|IAM General Secretary-Treasurer Robert Roach, Jr., gives remarks during a special IAM luncheon honoring him and retired U.S. Marine Corps Lieutenant Colonel Joseph Carpenter, right of podium, for Black History Month. They are joined by, left to right, IAM International President Tom Buffenbarger, IAM Headquarters General Vice President Bob Martinez and IAM General Vice President Diane Babineaux.|
In honor of Black History Month, the IAM honored IAM General Secretary-Treasurer Robert Roach, Jr., as well as distinguished guest and retired U.S. Marine Corps Lieutenant Colonel (LTC) Joseph Carpenter.
“It was profound to have these two distinguished guests,” said IAM General Vice President Diane Babineaux. “Each of them are firsts from two different eras.”
LTC Carpenter is one of the nation’s first African-American Marines and the first African American to be assigned duty at the U.S. Marine Corps Headquarters in Washington, D.C.
“Brothers and sisters, I had a few minutes to spend with LTC Carpenter and I have to tell you his life story is amazing, historic and quite inspirational,” said IAM General Vice President Bob Martinez. “He is truly an American hero.”
Carpenter talked about his experience while completing basic training at Montford Point Camp, a segregated boot camp near Jacksonville, NC in the 1940s.
“African Americans have served in every war this country has ever fought and white Americans weren’t always very happy about it,” said LTC Carpenter. “In the 19th century, they wouldn’t even allow African Americans to enlist. Fast forward to the 1930s, in the military segregation was the official government policy, which was a carryover from the Civil War. The Army and Navy accepted enlistments from African Americans, but the U.S. Marine Corps refused to accept African Americans. We were harassed when we went south and faced Jim Crow laws.”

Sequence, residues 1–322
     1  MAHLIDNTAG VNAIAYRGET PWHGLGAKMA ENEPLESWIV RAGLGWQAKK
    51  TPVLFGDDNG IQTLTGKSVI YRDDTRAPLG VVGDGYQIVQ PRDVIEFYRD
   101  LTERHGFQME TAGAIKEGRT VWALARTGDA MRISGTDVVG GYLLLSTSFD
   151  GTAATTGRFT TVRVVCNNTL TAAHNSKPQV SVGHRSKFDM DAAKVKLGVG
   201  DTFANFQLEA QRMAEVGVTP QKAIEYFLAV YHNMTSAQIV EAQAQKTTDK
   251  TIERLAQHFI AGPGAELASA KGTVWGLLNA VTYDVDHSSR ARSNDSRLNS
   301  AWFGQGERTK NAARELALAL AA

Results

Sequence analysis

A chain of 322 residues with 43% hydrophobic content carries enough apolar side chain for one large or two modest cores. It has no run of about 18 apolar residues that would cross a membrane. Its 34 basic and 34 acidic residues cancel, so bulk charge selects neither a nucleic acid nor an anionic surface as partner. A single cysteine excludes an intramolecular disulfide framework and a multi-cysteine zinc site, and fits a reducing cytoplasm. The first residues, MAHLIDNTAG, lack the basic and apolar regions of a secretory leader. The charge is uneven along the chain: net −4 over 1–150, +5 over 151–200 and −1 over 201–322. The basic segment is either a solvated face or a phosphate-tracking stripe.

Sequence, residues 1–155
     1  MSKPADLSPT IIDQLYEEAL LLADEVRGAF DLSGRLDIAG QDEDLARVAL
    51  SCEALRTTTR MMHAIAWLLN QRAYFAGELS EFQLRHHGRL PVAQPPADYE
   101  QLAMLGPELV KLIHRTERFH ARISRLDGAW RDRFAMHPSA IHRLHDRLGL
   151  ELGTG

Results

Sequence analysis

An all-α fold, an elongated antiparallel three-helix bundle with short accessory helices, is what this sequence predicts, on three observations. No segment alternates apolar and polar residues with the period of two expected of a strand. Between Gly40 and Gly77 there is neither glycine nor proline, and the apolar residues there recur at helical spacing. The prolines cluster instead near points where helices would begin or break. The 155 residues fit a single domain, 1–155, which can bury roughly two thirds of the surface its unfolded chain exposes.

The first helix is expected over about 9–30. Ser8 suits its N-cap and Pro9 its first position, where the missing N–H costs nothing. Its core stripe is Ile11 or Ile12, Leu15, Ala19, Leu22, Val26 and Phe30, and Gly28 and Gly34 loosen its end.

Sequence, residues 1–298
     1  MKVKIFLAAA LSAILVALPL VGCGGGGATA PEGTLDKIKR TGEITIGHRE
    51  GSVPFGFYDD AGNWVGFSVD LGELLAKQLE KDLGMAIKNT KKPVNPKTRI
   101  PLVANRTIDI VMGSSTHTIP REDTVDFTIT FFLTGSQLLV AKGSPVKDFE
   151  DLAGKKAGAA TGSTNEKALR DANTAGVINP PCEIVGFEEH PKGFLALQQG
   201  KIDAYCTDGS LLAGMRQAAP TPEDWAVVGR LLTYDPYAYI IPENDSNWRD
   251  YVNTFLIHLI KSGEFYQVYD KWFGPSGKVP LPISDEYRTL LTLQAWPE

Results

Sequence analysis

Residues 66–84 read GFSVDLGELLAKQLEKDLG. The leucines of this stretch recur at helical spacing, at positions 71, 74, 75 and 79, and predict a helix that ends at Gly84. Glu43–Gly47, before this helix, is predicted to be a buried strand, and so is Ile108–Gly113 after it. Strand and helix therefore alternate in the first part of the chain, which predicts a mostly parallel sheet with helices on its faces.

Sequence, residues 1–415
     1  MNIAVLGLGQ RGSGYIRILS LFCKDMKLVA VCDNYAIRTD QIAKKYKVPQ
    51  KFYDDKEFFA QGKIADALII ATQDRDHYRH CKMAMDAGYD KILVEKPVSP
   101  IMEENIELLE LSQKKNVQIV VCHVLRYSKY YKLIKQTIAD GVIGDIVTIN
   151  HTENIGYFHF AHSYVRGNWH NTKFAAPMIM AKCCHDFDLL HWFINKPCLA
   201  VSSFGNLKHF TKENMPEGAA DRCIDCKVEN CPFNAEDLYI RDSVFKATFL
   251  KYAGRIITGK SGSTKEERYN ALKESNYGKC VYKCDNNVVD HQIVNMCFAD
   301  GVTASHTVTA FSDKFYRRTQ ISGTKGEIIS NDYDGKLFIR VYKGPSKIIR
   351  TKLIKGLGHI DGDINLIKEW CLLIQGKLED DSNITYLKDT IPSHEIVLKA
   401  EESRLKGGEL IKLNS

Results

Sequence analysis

President Obama bestowed upon Carpenter the U.S. Congressional Gold Medal in 2012.
Roach was honored as the first African-American IAM General Vice President and first African-American IAM General Secretary-Treasurer.
“His is a great leader,” said IAM General Vice President Diane Babineaux. “He is a friend. And he has set historical milestones for all of us here at the IAM.”
Roach opened his remarks with a reading of the preamble to the U.S. Constitution:
“We the people of the United States, in order to form a more perfect union, establish justice, insure domestic tranquility, provide for the common defense, promote the general welfare, and secure the blessings of liberty to ourselves and our posterity, do ordain and establish this Constitution for the United States of America.”
“These are very powerful words,” said Roach. “When those words were written, they only applied to 30 percent of the population – no women, no blacks, no Native Americans, no indentured servants. Through time and struggle and wars and Reconstruction and marches, a lot of people gave their lives for that document to apply to everybody. When we talk about civil rights, we’re really talking about human rights of all the citizens of this great country.”
Other speakers included IAM General Counsel Mark Schneider, who talked about his experience as a Supreme Court law clerk during the days of first African-American Supreme Court Justice Thurgood Marshall.